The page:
Major industry Agri. forestry and fisheries Manufacturing Electricity, gas and water Construction Trade, hotel and restaurant Transport, storage and Communication Finance and business services Product and personal services Health, Education, Public Administration and Defence

1996 48.85 10.6 0.29 2.87 17.24 6.32 0.57 13.79 ----

2000 50.77 9.49 0.26 2.82 15.64 6.41 1.03 13.08 ------

2003 51.69 9.71 0.23 3.39 15.34 6.77 0.68 5.64 6.32

2006 48.10 10.97 0.21 3.16 16.45 8.44 1.48 5.49 5.49

Expatriate Bangladesh: There are an estimated 6.5 million Bangladeshis living and working abroad, mainly in the Middle East, South East Asia, Europe and the United States. Millions at home are dependent on money sent by their expatriate relatives - money that has been credited for the decline in poverty in the country. The boost to the Bangladeshi economy comes despite the global recession hitting overseas jobs. Remittances are the countrys second-highest revenue earner after exports .The amount of money sent home by Bangladeshis living abroad has reached a new record high, according to the Central Bank of Bangladesh. In August, the total sum of money sent home reached a historic peak of $937m - up 30% from a year ago.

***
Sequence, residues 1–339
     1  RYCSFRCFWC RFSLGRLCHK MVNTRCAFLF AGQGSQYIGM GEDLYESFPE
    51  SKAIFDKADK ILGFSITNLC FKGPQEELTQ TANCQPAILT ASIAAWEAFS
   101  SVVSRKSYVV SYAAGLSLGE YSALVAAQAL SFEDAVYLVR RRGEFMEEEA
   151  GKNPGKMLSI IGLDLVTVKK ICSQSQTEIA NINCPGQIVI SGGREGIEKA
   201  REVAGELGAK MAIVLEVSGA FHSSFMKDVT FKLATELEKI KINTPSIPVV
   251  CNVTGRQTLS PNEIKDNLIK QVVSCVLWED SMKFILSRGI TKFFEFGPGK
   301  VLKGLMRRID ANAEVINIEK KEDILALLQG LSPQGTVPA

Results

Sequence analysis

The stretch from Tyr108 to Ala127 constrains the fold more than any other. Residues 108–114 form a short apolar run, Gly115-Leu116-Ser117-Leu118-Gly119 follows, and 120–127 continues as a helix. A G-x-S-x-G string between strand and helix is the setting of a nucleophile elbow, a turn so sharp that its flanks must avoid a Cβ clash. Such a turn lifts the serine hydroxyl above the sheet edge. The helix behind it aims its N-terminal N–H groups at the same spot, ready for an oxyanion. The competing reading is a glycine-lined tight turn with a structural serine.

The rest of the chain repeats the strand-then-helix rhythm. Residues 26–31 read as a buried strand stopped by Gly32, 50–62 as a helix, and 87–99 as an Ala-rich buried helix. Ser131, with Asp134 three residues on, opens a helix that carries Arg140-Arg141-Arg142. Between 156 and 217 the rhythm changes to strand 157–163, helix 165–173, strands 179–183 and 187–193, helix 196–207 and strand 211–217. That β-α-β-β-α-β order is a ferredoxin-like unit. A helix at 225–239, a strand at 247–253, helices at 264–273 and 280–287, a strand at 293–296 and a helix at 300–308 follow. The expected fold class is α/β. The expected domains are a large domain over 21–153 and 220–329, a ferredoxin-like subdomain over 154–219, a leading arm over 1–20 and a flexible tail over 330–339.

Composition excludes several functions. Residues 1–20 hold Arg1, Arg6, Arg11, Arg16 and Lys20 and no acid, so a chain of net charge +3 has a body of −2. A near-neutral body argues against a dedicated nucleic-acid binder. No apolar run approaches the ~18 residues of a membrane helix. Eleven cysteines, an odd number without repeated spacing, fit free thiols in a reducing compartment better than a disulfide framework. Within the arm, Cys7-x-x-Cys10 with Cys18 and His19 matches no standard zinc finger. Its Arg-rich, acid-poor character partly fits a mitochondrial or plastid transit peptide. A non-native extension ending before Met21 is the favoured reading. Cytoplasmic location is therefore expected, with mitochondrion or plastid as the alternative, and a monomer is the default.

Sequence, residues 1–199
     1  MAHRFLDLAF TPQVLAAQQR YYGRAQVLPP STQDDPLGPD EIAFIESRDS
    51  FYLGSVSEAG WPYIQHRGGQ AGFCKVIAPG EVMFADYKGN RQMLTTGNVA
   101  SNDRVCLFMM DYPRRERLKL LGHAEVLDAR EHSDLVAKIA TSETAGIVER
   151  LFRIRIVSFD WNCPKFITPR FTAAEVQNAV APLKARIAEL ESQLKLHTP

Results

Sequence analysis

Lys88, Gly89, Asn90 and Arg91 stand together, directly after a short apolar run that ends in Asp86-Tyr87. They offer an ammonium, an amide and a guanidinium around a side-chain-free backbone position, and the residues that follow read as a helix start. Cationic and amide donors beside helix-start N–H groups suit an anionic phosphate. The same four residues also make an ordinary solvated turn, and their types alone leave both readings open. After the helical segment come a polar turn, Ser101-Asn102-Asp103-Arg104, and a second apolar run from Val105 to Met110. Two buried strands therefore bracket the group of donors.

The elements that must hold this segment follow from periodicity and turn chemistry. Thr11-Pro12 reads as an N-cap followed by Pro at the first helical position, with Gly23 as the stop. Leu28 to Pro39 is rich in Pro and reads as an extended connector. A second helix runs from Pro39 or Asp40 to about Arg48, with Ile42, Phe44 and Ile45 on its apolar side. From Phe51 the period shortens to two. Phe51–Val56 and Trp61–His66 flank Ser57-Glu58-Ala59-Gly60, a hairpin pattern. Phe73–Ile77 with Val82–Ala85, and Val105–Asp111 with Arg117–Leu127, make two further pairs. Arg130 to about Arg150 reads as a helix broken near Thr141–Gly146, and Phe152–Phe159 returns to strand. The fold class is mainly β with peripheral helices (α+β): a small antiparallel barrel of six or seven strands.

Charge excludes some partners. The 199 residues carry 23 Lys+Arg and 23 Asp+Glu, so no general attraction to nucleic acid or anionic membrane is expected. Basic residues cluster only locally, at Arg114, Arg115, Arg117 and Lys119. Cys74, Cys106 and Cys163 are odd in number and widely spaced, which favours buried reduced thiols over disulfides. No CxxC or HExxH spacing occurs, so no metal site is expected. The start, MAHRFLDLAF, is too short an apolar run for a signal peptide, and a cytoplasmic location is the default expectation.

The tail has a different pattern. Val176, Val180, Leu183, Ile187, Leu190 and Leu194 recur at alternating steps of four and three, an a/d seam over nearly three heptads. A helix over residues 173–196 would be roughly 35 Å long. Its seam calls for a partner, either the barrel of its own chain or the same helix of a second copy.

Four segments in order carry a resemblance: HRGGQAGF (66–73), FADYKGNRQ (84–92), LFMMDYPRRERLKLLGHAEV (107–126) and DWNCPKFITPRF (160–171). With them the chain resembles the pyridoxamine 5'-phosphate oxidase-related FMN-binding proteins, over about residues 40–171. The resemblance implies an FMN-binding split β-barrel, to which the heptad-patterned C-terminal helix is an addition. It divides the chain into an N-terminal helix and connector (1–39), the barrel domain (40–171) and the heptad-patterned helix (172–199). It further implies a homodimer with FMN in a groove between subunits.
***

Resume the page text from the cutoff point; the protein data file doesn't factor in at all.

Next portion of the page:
Male vs. female work force: Skilled vs. unskilled workforce:

5. Manpower Planning: we discuss various implications of upcoming huge population In this part of the term paper some broad hints are given for management of growing population and also, as strategies for demo-economic development.

Population Management strategy: